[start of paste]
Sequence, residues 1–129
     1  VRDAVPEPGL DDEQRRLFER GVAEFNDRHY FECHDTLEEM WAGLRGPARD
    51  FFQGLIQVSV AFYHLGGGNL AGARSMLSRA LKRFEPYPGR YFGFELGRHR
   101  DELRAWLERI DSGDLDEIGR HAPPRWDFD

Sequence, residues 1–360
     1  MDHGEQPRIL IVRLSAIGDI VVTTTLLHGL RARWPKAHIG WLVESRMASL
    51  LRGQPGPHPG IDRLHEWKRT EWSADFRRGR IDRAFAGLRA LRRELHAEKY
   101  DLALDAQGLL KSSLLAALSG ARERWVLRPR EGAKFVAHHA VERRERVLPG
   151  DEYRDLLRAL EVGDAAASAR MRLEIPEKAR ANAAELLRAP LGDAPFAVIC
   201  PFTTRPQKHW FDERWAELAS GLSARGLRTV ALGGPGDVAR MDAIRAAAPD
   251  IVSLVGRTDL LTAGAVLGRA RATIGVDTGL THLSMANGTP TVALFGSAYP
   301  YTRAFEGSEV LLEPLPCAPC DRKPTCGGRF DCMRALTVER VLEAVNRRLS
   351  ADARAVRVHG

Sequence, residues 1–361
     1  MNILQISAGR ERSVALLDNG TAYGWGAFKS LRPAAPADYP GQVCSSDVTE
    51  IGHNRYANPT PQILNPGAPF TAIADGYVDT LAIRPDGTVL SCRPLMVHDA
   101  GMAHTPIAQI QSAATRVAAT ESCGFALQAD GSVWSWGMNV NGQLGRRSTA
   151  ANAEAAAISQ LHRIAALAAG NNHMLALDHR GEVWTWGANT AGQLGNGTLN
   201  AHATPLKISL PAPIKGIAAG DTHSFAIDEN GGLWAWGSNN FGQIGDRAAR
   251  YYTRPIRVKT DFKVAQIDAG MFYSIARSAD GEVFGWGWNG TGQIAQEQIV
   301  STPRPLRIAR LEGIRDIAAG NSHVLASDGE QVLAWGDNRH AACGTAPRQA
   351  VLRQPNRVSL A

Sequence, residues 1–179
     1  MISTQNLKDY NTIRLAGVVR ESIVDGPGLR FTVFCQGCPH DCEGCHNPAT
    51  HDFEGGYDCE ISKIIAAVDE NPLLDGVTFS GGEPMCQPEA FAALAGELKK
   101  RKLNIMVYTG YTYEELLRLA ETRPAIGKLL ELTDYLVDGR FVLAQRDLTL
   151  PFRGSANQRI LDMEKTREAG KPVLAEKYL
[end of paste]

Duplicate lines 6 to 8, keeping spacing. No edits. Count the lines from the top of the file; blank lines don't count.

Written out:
     1  MDHGEQPRIL IVRLSAIGDI VVTTTLLHGL RARWPKAHIG WLVESRMASL
    51  LRGQPGPHPG IDRLHEWKRT EWSADFRRGR IDRAFAGLRA LRRELHAEKY
   101  DLALDAQGLL KSSLLAALSG ARERWVLRPR EGAKFVAHHA VERRERVLPG